L. Neil Smith's
THE LIBERTARIAN ENTERPRISE
Number 144, October 22, 2001
I Hear America Dying
by John Hoffman
Special to TLE
"We're recessing early for lunch; be back at 1 PM." The gavel banged against its pad. "You two," he growled, glaring at the attorneys before him, "in my chambers, NOW."
Defense, prosecution and judge all stood in concert with the bailiff's announcement of "all rise". The man in black robes stormed off the bench and through his chamber door and both lawyer and agent had to scramble to follow. The two men watched the Hon. George P. Hawkins stomp around his desk, but the enraged justice didn't take the time to sit on his leather chair before exploding. "In my entire life -- ! Mr. French! Explain to me, RIGHT NOW, why Mr Williams hasn't been allowed to see his attorney!" Judge Hawkins' face mirrored that of a lion, eyes boring holes towards the Homeland Defense agent.
Howard cooly ignored the twin lances of anger. "Because there's been no reason to do so, your Honor", he calmly replied. "Under the tems of the USA Act, we are holding Mr. Williams on suspicion of conspiracy to commit terrorist acts. We will continue to hold him until we have been satisfied he is not involved in the conspiracy."
"Your Honor," Barney broke in, "Mr. Williams has been held incommunicado for three months now. I haven't been able to see him. They won't let his wife see him. I'm not sure he's even still alive, that's why I filed the writ of Habeas Corpus -- "
"Yes, yes, Mr. Fritz, I see your position." The judge swiveled back to Howard. "I fail to see yours, however. The USA Act only applies to the detention of non-citizens."
Howard French returned the Federal court justice's stare. "Mr. Williams renounced his citizenship when he joined the Reactors, your Honor. Therefore we can hold him indefinitely."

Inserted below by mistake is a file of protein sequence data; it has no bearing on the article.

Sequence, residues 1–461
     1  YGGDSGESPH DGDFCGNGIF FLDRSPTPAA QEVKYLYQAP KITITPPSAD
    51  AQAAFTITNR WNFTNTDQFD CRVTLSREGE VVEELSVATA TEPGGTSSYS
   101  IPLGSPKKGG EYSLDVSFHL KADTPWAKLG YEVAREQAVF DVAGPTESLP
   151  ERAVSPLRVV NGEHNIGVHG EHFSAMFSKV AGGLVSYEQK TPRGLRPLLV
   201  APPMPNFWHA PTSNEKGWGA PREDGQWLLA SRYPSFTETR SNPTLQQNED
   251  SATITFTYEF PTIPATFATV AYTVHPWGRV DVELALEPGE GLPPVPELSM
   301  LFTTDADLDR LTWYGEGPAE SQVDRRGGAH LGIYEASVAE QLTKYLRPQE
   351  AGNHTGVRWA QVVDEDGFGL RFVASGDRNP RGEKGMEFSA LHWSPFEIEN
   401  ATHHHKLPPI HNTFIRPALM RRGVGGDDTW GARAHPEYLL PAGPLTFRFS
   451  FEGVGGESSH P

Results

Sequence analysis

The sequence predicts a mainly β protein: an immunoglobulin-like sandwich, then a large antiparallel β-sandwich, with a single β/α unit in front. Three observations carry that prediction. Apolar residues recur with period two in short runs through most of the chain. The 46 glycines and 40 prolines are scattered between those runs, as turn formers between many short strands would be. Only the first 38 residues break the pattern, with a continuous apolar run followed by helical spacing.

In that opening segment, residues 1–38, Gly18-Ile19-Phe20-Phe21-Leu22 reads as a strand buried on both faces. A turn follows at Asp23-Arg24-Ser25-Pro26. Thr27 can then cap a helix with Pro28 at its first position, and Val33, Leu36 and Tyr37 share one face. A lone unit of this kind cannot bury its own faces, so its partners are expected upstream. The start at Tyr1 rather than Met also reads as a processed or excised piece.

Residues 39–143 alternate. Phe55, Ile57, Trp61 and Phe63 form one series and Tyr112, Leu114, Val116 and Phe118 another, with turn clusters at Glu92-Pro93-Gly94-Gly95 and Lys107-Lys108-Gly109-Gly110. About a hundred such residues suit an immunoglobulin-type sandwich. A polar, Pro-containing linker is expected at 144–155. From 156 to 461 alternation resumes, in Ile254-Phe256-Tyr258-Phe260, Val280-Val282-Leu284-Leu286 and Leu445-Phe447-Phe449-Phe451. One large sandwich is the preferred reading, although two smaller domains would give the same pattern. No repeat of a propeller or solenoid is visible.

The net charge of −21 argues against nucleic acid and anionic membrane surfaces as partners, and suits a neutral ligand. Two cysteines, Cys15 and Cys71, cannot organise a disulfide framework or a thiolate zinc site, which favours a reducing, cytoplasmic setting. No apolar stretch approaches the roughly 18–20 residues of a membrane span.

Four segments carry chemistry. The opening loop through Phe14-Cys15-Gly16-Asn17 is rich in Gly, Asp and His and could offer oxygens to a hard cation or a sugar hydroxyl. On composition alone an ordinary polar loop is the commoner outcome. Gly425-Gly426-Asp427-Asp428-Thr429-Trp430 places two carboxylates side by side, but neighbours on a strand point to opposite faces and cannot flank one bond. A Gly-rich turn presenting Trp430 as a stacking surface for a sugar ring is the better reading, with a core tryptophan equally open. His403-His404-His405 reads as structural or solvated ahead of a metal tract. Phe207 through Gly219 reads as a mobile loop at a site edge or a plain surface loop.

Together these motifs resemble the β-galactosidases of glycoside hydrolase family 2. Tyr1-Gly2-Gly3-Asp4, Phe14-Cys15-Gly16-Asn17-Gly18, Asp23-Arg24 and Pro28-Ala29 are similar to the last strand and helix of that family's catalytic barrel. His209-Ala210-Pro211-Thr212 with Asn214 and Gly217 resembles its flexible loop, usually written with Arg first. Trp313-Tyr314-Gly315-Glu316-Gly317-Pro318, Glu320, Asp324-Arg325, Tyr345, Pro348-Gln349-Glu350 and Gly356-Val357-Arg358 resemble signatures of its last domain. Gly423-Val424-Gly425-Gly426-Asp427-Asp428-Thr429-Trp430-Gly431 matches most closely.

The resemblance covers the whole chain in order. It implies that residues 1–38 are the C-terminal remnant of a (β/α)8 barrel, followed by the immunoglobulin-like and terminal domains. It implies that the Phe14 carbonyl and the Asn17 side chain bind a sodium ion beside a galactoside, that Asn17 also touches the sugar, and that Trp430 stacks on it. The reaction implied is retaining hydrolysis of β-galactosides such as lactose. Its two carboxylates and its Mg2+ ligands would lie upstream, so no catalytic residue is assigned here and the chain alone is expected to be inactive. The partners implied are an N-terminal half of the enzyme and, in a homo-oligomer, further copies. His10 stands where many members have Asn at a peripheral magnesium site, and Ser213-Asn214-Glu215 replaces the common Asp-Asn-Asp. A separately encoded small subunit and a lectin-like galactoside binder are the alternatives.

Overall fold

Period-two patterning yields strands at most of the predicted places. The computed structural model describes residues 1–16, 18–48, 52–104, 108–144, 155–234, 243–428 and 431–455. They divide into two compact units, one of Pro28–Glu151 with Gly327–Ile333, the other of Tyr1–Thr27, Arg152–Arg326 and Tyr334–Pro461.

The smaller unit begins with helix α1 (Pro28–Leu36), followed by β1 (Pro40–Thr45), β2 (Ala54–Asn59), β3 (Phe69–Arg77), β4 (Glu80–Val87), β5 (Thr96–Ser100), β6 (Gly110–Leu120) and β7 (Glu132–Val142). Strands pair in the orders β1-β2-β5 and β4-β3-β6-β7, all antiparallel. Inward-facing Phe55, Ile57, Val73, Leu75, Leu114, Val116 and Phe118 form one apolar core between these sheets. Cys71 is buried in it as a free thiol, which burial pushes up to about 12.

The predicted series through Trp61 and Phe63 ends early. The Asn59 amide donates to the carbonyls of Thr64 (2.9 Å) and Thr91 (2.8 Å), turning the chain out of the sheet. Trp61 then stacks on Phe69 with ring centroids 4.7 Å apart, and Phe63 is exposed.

"Herb's no Reactor!" Barney Fritz looked about to pop. "I've been his attorney for twelve years and his friend for twice that! I KNOW him. He's no libertarian nut! I don't know who could've given you such an idea, but I dare you to prove it. And prove he renounced his citizenship, too! You can't have any proof, he'd never consider doing anything like that!"
"I think that's a good point," said Judge Hawkins, finally seating himself and reaching for a stack of paper. He looked down and began jotting. "I am hereby ordering you to make Mr. Williams available to his attorney." The Judge stopped writing and looked the agent in his eyes. "You will also present proof to this court within three days that Mr. Williams has renounced his citizenship, or I shall rule that he must be treated as a citizen of the United States, and that you will either release him or bring an indictment against him. This is NOT Nazi Germany, and we have rules about unlawful imprisonment." Barney smiled and slumped in exhausted relief. "I also foresee a large civil suit heading your way, Mr. French," finished the Judge, smugly.
The Homeland Security agent sighed emotionlessly, reaching inside his jacket with a gloved hand. "I'm sorry you feel that way, your Honor. I have here," he said, holding out a paper, "an injunction from the 11th Circuit, allowing us to hold Mr. Williams incommunicado while they decide on the matter." Howard kited the injunction onto the desk, in front of the constipated-looking judge, and turned to his side, adjusting jacket and tie. "The hearing is scheduled for June, but you know how the Circuit courts always postpone, and postpone... Oh, yes -- there is a Mr. Lindquist of the JIRC who would like to have a little chat with you. Something about ethics violations -- oh, I don't quite remember."
Mr. French sauntered towards the door, seemingly oblivious to the reactions he'd just generated in the men behind him. "Now if you'll excuse me, I'm going to lunch. Oh -- Mr. Fritz?" Howard looked back over his left shoulder. "I'm afraid you've been implicated in the Reactor investigation as well. We'll have to take you in for questioning. I have some men waiting to escort you once you're done here. Ta-ta," he waved backwards, walking out.